Basic Guidelines for Successful Planning Process
Written by Carter McNamara, MBA, PhD, Authenticity Consulting, LLC. Copyright 1997-2008. Adapted from the Field Guide to Nonprofit Strategic Planning and Facilitation and Field Guide to Nonprofit Program Design, Marketing and Evaluation. One of the most common sets of activities in the management is planning. Very simply put, planning is setting the direction for something -- some system -- and then guiding the system to follow the direction. There are many kinds of planning in organizations. Common to these many kinds of planning are various phases of planning and guidelines for carrying them out as effectively as possible. Information in this document can be referenced as a basis from which to carry out various kinds of planning, ranging from highly complex to simple and basic. (The library topic Planning describes a wide variety of plans.) To help make the following information applicable to as many situations as possible, the scope of the following planning information is to the "system", which is fully explained below. The following process should be customized by planners to the meet the needs and nature of the planners and their organizations. Sections of This Topic Include:
Context of Planning
Putting Planning in its Larger Context (Working Backwards Through Any "System") Quick Look at Some Basic Terms in Planning
Typical Overall Phases in Planning
Basic Overview of Typical Phases in Planning
Guidelines for Successful Planning and Implementation
Involve the Right People in the Planning Process
Write Down the Planning Information and Communicate it Widely Goals and Objectives Should Be SMARTER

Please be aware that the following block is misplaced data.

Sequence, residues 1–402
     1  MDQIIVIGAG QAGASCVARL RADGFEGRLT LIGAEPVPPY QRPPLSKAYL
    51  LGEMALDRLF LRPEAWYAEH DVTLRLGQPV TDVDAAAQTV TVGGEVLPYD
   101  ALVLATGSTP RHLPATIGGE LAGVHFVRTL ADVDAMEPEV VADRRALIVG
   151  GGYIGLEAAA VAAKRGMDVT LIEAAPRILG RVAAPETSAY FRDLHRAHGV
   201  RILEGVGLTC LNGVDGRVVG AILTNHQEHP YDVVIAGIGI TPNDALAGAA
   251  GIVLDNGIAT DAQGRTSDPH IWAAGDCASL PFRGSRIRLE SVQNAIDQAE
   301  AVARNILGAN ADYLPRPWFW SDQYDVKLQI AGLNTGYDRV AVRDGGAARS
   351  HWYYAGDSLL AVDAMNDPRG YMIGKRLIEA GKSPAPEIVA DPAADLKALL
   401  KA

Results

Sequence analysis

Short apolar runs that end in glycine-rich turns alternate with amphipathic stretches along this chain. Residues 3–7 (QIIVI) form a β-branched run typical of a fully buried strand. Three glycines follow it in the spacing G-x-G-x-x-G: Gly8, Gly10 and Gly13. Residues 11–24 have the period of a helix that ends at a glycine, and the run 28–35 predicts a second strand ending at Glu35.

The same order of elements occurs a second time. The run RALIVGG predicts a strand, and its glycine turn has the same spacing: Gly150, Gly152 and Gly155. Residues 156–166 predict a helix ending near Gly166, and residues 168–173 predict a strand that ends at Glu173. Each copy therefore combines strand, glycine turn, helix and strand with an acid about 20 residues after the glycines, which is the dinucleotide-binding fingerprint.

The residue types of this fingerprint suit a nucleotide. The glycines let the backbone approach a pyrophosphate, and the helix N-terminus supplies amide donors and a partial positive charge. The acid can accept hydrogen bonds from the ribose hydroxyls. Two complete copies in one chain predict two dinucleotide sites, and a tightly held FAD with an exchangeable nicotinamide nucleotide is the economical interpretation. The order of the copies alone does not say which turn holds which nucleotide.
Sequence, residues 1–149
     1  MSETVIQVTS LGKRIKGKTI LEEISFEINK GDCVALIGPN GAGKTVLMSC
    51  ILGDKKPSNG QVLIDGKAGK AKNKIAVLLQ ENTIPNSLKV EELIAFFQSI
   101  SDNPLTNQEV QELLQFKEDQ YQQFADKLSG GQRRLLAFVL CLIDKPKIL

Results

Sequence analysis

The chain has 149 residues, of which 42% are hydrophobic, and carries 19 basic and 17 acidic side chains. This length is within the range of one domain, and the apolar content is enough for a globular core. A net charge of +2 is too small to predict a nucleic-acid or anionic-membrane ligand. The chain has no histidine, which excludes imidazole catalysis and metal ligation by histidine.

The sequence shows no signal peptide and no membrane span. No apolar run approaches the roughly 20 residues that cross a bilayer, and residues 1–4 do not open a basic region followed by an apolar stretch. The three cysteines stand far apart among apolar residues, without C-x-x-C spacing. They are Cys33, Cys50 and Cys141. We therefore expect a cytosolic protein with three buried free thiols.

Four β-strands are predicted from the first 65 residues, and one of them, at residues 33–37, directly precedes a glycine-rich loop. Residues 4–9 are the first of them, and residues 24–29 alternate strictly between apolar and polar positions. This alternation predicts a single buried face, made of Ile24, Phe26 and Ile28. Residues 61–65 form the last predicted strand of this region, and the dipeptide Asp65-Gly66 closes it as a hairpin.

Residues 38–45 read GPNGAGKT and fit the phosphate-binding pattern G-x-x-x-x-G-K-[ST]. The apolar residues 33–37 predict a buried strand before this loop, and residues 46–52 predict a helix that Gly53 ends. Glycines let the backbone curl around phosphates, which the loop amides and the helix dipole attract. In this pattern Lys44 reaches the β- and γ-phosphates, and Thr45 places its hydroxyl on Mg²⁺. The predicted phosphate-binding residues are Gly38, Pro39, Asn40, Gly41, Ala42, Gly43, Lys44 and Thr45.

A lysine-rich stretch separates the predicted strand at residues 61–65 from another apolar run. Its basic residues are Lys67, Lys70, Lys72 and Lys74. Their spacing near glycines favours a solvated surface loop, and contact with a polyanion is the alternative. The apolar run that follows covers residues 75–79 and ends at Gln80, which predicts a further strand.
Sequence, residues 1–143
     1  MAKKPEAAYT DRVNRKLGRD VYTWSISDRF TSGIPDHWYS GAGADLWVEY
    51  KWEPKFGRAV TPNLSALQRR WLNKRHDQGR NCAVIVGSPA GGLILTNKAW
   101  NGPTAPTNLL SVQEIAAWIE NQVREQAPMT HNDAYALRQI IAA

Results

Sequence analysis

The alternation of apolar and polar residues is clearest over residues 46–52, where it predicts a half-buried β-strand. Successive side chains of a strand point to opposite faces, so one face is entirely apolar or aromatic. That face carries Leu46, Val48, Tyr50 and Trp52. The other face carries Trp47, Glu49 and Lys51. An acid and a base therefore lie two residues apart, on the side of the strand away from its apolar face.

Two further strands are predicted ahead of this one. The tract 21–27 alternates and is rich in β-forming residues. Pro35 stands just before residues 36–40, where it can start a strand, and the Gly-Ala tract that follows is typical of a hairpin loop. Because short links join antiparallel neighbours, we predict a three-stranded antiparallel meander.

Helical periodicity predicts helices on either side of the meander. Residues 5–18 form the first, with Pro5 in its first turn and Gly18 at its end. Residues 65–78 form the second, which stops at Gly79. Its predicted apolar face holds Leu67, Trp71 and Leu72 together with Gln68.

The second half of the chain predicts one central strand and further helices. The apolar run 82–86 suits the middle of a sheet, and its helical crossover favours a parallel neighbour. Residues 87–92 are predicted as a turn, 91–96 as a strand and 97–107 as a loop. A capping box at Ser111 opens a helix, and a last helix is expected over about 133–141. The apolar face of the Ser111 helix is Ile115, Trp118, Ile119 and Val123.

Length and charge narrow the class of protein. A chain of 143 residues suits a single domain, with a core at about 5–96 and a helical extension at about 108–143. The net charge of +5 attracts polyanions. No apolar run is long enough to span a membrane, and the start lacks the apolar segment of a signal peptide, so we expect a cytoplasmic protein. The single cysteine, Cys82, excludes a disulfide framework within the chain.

Build in Accountability (Regularly Review Who's Doing What and By When?) Note Deviations from the Plan and Replan Accordingly
Evaluate the Planning Process and the Plan
Realize that the Recurring Planning Process is at Least as Important as the Plan Document Ensure the Nature of the Process is Compatible to the Nature of Planners A Critical -- But Frequently Missing Step -- Acknowledgement and Celebration of Results General Resources
Various Other Perspectives
Planning in its Larger Context
Working Backwards Through Any "System"
Before we jump into the typical phases in the standard "generic" planning process, let's stand back and minute and briefly look at the role of planning in its overall context. This is more than an academic exercise -- understanding this overall context for planning can greatly help the reader to design and carry out the planning process in almost planning application. One of the most common sets of activities in the management is planning. Very simply put, planning is setting the direction for something -- some system -- and then working to ensure the system follows that direction. Systems have inputs, processes, outputs and outcomes. To explain, inputs to the system include resources such as raw materials, money, technologies and people. These inputs go through a process where they're aligned, moved along and carefully coordinated, ultimately to achieve the goals set for the system. Outputs are tangible results produced by processes in the system, such as products or services for consumers. Another kind of result is outcomes, or benefits for consumers, e.g., jobs for workers, enhanced quality of life for customers, etc. Systems can be the entire organization, or its departments, groups, processes, etc. (For an overview of various systems in organizations, see Basic Definition of Organization and Various Ways to Look at Organizations.) Whether the system is an organization, department, business, project, etc., the process of planning includes planners working backwards through the system. They start from the results (outcomes and outputs) they prefer...